Letter to us, at the threshold of oblivion

“If we can’t have everything what is the closest amount to everything we can have?”
~ Emily Berry, “The End”

We can have salt, perhaps. Trace
of linden flower in coil of slow
wind. Or is that the scent of some
new petroleum byproduct? We can have
torched cowhide. We can have dissolution
of karst, lime-colored scales, chalk
marks left by the last surge of tides.
As for lovers— we can say their names,
one for every bit of glass found, discarded,
underfoot: the amber-colored ones, so
difficult to forget. The end of a trail,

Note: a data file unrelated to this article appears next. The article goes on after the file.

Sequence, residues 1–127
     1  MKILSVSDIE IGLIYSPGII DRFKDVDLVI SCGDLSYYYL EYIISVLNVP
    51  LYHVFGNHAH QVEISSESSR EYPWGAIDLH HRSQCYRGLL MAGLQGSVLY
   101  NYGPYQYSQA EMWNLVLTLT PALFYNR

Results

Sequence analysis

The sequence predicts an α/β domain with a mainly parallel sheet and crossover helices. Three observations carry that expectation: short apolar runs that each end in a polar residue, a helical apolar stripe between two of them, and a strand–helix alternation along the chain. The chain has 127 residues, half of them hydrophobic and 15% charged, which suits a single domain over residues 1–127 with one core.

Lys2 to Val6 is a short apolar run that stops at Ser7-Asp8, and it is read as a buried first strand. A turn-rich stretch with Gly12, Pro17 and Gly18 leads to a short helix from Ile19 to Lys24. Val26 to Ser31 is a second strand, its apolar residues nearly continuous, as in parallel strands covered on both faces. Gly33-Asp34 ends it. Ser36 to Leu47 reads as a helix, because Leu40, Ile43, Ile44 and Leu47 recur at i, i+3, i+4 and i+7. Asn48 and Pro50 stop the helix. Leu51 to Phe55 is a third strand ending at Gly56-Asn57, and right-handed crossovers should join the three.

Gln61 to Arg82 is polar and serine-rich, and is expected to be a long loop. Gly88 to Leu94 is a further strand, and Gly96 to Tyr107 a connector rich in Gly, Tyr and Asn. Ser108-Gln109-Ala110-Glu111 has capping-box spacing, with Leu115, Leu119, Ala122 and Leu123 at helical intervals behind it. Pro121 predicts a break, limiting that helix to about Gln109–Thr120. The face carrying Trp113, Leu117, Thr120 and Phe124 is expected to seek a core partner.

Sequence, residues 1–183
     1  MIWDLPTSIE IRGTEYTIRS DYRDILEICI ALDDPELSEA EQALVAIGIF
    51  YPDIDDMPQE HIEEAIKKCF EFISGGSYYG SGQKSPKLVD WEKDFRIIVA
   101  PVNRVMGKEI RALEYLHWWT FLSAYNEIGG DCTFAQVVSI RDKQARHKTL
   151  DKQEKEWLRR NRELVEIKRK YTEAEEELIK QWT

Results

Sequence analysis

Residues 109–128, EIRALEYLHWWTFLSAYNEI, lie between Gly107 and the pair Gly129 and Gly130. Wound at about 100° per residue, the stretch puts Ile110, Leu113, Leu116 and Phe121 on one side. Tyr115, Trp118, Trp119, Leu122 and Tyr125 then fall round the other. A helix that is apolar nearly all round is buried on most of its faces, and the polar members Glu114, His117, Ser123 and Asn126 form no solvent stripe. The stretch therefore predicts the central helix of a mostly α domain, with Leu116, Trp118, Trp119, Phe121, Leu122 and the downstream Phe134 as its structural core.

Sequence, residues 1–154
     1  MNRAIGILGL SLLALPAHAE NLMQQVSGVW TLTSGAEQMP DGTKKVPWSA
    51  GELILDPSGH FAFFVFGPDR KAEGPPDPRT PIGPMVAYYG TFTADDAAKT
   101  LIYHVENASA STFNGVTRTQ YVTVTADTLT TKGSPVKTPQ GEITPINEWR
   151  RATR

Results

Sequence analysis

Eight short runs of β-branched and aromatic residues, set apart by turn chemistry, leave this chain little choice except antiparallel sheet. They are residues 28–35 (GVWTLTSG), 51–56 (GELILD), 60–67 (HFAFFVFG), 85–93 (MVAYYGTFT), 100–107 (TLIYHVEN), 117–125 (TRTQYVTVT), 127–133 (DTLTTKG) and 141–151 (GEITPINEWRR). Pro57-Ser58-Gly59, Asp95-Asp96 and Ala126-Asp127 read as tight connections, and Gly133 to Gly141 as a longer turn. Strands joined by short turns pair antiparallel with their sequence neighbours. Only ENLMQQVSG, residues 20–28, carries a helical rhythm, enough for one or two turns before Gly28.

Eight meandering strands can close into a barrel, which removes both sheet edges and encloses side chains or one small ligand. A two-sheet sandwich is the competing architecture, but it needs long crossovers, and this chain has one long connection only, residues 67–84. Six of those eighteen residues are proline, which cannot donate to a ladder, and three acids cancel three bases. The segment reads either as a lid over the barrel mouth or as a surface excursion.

gloss of a milky sky divided by power
lines. Which tower can we climb tonight?
Don’t say anything that will give it
away. As for grief and death— we
can scratch the sign for door on sheets
of gypsum. We can trail our hands along
the ghost of a shore where whole
countries of whales once sang before
arriving on the beach then expiring.

One Reply to “Letter to us, at the threshold of oblivion”

  1. Such meaningful words! Contentment really comes from looking for what you really have rather than looking at things you don’t have.

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